Things I’ve Seen

Sometimes I see a little thing and try try to remember so I can write about it here.  Then I usually forget to write until I see the next little thing I try to remember so I can write about here.  Now I sit at this keyboard and try to remember all those little things.  So today a list:

  • They call the ocean the sea here.
  • They call the bay the sea.
  • Cindy and I went down to the sea one warm Sunday a few weeks back to put our feet in the water.  DAMN it was cold! Reminded me of attempting to bathe in Horton Creek, a snow-melt powered creek my family camped next to the summer Nixon resigned while my dad ran an archaeological excavation.  Also reminded me of trying to shower at the Telluride Bluegrass Festival where only the first 5 people had warm water and I was number five hundred and five to visit the shower which was also powered by snow-melt creek water.  Washing your hair made your head hurt.
  • We saw a school of eels while we were waiting for our feet to warm up enough for a second attempt at dipping them.  It was the first time I had seen such a thing.  The word murmuration comes to mind.  Not sure if it applies to anything other than Starlings but it in my head it applies to birds, fish, and now eels.
  • Which brings me to words:
    • Would a starlet who has advanced but not quite to star status be a starling?
    • Is there a collective noun for a group of eels?
    • I heard the word “gongoozler” on the TV and knew what it was.
  • We attempted to have milk delivered to the house.  Cindy and I had milk delivery in the States at different times and found it enjoyable in some sense.  So we tried it here.  The company did not provide a box (as we thought they would and as was done in the States), they didn’t even call to let us know the milk delivery was starting (as they said they would).  We were the second group to discover the milk; the crows were the first.  Now we have to put a bucket outside and upside down with a rock on top to keep the crows away.  We’ll see how that works.
  • There was a family of swans in the canal this spring.  Four cygnets, but as the summer has worn on the number of cygnets has reduced until there is now only one.  It makes a forlorn sight when one knows that there were more earlier.
  • One morning, while cycling along the canal on my way to work,  I saw a pied wagtail catch an insect in mid flight and then fly into the safety railing, which rang out like a small gong.  The bird did not drop its catch and continued to fly off.
  • Galway is bidding for the 2020 European Capital of Culture.  I am working on the data manipulation to track the status of the bid on social media.  I hope that we will be providing a lot of open data for the bid and into the future.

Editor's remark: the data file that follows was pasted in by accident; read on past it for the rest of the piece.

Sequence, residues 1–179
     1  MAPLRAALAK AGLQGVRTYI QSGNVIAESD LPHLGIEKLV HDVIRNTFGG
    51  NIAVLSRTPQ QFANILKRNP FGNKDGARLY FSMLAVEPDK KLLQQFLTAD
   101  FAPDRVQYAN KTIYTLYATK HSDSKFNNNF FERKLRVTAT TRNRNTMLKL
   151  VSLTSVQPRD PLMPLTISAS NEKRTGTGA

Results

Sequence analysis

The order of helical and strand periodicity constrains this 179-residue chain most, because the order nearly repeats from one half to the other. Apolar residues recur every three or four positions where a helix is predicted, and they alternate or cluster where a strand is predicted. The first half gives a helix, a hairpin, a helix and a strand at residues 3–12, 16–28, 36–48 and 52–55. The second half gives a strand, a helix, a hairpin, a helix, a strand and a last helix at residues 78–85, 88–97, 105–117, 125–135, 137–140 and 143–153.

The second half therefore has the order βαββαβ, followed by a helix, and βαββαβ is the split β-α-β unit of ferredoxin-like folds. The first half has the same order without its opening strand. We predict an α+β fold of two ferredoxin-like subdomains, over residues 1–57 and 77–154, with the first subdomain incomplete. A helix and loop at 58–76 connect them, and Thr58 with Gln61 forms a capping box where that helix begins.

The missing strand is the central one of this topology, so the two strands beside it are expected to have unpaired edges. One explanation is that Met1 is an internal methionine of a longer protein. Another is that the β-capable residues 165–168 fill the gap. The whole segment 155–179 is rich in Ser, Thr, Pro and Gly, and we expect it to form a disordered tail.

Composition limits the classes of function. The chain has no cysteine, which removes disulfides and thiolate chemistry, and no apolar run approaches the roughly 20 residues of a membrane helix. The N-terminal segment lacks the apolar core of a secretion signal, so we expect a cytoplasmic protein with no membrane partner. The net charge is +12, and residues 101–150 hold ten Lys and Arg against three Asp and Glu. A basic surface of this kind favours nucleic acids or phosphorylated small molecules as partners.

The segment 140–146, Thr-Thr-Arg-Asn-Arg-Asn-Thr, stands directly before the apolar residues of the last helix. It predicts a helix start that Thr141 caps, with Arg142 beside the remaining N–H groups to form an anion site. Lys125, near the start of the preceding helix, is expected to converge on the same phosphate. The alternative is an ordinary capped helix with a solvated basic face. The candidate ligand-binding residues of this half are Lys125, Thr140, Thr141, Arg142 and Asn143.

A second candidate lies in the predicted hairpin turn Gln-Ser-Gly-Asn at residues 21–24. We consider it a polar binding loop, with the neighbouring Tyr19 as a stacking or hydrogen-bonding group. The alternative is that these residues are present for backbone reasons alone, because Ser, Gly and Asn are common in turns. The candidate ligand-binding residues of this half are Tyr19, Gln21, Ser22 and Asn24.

• We have a lot of birds in our front garden (not just crows) and have decided that pigeons do not land so much as crash into the ground.  We can always hear them when they arrive.

Well that is all I can recall for now.  I am certain there are things I have forgotten but which I will remember the moment this is posted.  I guess those things are lost in l’esprit d l’escalier.

— Claude

Almost Summer (“Samhradh”)

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Mr Whippie in Salthill, Ireland

Summer, “Samhradh” in Irish, starts on May 1. Yesterday I was at the Salthill promenade. A chill wind was blowing and the sun was shining. I sat in the windbreak of a cement structure and enjoyed the atmosphere.

A Pied Wagtail was darting and hopping about eating flying bugs.

A young man stripped down to his swim trunks and ran into the cold water of the bay wherein he began to yell about the cold.

The salty scent of seaweed filled the air.

The cool cement sucked the warmth out of my shoulder, an effect that would have been welcomed in the hot dry desert of the American Southwest but here just made me cold.

The persistent sound of the crash of waves on the shore and the near synchronous sound of traffic on the road above intermixed with the putt-putting of the Mr. Whippie van.

The crunch of shoes on stones.

The low murmur of people talking, punctuated with the occasional call of a child.

I dozed.

— Claude

 

Mother Nature vs. the Galway County Council

At the beginning of January this year Galway – and the entire western coast of Ireland – was hit extremely hard by a major winter storm.  High winds and heavy rains lashed the coasts for days.  We watched on the news as live webcams and camera feeds showed the ocean snatching away buildings and seawalls in a matter of moments.  Damage amounted to millions of euros, fishermen lost their living for weeks, re-building took a toll on property owners and business owners.  Leisureland, the local fitness/swimming/amusement center, is still rebuilding 10 months on.

The Prom is a seaside walking trail along the sea coast of Galway Bay, extending from near the Claddagh to the Blackrock diving tower, and is one of the main attractions in Galway.  People come from all over the world to walk the Prom.  I once met a couple from Dublin who made it a habit of catching the bus once a month from The Big Smoke out to Galway specifically to walk the Prom.  (Frankly, I count us terribly lucky indeed to live so close to such an amazing place.)  The county council extended the Prom past the diving tower some years ago, all the way out to Silver Strand.  This little path was situated only a few hundred yards up the beach and right next to the golf course.  It was mostly gravel with a bench or two along the way; it was also a marvelous walk with incredible views of Co Clare, the Burren, and on good clear days, the Aran Islands.